San Pedro to Iquique

Posted by on Sep 23, 2007 in Blog, Travels | No Comments

300 Miles, Saturday August 25 | My GPS Route Data

After leaving San Pedro early, I stopped in Chiquicamata, site of the largest open mine pit on the planet and the last stop for gasoline for over 170 miles. From here a pockmarked road cuts across 40 miles of brown sandy earth to the Panamericana, the main highway connecting north and south. Unexpectedly, this major artery is a narrow two lane road, patchy in spots, and sometimes diverted onto an unpaved dirt road for miles at a time due to construction. The surrounding landscape is completely devoid of any vegetation or signs of life.

This desolate image contrasts with the history of this region. While hard to imagine now, this corridor was once buzzing with activity, driven by the nitrate mining operations that brought in thousands of workers and their families. Company towns were constructed alongside the higway, with theaters, schools, and housing, but most of these settlements have since been reduced to rubble.

Humberstone, the best preserved nitrate operation and town and listed as a UNESCO World Heritage site, was built in the 1870s. I happened to visit during the First Biennal of Art in the Desert. Artists had been selected to create installations in Humberstone, including filling the bottom of the old pool with oil drums and painting enormous white letters on the ground that could be read from the air.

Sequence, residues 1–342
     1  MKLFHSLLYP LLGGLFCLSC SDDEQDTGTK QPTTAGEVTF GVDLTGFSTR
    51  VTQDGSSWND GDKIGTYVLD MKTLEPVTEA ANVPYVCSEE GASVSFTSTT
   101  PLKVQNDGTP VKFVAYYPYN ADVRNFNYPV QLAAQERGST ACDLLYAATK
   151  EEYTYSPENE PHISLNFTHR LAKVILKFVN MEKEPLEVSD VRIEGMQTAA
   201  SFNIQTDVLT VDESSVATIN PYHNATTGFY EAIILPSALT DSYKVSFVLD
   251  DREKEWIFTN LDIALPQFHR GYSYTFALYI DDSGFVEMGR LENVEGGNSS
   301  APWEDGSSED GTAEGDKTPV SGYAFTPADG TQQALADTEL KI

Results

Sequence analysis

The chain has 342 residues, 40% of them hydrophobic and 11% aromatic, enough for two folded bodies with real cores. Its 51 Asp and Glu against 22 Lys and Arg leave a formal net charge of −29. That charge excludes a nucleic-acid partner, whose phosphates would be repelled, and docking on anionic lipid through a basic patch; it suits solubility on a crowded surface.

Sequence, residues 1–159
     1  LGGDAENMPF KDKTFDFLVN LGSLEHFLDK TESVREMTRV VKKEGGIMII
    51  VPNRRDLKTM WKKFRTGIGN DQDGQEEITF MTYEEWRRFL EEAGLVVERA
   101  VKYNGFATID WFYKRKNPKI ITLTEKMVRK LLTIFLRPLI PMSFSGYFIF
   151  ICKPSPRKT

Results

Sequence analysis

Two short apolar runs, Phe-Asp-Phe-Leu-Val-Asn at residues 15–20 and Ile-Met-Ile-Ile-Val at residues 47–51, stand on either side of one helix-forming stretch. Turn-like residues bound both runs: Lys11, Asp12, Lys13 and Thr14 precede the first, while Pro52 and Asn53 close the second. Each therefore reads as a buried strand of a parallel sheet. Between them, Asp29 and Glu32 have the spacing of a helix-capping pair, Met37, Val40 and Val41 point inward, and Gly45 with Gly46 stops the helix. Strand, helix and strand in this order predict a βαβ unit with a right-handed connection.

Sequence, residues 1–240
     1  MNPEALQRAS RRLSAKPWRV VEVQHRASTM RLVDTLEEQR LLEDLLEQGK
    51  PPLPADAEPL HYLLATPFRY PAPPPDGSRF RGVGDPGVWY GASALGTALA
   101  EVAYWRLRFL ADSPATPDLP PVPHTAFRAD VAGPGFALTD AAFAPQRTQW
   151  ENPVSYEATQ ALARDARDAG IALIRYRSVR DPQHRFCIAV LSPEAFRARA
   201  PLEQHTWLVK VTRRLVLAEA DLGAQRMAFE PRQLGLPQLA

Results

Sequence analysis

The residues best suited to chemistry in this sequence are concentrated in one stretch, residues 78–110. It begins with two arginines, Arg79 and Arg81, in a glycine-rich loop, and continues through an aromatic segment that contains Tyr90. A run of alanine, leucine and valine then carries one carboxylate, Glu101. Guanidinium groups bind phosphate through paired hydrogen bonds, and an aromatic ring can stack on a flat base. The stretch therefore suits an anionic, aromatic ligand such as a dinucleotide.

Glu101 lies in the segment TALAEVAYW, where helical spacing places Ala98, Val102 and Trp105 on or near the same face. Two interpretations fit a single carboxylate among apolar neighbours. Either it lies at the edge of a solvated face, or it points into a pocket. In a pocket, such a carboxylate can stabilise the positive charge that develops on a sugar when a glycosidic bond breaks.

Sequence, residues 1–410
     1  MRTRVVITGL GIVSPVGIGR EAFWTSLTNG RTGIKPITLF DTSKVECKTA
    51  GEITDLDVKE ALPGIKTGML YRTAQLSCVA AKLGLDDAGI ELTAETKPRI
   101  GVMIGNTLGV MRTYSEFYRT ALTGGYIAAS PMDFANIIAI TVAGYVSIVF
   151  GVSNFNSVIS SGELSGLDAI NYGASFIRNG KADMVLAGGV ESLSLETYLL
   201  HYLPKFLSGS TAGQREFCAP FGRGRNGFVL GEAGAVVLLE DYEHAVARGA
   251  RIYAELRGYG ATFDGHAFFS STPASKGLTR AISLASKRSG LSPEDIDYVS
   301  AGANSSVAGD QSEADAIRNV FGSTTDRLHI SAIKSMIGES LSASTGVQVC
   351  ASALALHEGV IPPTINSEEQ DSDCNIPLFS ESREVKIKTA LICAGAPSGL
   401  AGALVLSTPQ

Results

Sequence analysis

Oficina Rica Aventura 1903-1956

 

The Oficina Rica Aventura had a population of 1,900, including workers and their families. It was one of five operations owned by German industrialist Henry B. Sloman. The town included a 50 bed hospital, bank, theater, billiard hall, library, and soccer fields.
Ex Oficina Iris


Oficina Victoria

Humberstone

Humberstone Theater

Arte en el Desierto

Explanatory Sign

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